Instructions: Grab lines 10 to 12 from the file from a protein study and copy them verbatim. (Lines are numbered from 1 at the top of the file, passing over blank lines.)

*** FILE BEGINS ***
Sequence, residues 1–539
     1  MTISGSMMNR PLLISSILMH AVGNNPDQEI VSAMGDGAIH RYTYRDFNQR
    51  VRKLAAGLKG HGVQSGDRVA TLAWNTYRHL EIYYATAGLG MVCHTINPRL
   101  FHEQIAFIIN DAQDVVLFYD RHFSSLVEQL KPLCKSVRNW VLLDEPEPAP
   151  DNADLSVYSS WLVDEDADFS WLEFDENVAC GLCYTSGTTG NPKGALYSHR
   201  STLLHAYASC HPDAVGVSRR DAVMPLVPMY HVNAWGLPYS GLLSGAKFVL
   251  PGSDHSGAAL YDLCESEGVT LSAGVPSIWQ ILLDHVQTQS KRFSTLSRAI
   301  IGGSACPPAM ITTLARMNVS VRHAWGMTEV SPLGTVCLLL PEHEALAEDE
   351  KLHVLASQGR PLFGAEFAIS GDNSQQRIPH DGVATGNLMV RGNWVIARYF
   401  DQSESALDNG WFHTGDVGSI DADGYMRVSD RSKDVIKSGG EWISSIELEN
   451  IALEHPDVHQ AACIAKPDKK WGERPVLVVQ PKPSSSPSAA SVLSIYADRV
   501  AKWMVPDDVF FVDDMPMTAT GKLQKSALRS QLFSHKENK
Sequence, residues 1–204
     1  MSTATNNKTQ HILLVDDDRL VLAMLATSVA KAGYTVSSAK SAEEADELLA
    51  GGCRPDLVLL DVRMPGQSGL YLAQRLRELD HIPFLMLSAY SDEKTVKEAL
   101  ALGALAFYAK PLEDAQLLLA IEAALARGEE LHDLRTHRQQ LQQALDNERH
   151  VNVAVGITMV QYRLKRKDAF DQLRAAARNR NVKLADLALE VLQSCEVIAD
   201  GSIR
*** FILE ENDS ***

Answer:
   401  DQSESALDNG WFHTGDVGSI DADGYMRVSD RSKDVIKSGG EWISSIELEN
   451  IALEHPDVHQ AACIAKPDKK WGERPVLVVQ PKPSSSPSAA SVLSIYADRV
   501  AKWMVPDDVF FVDDMPMTAT GKLQKSALRS QLFSHKENK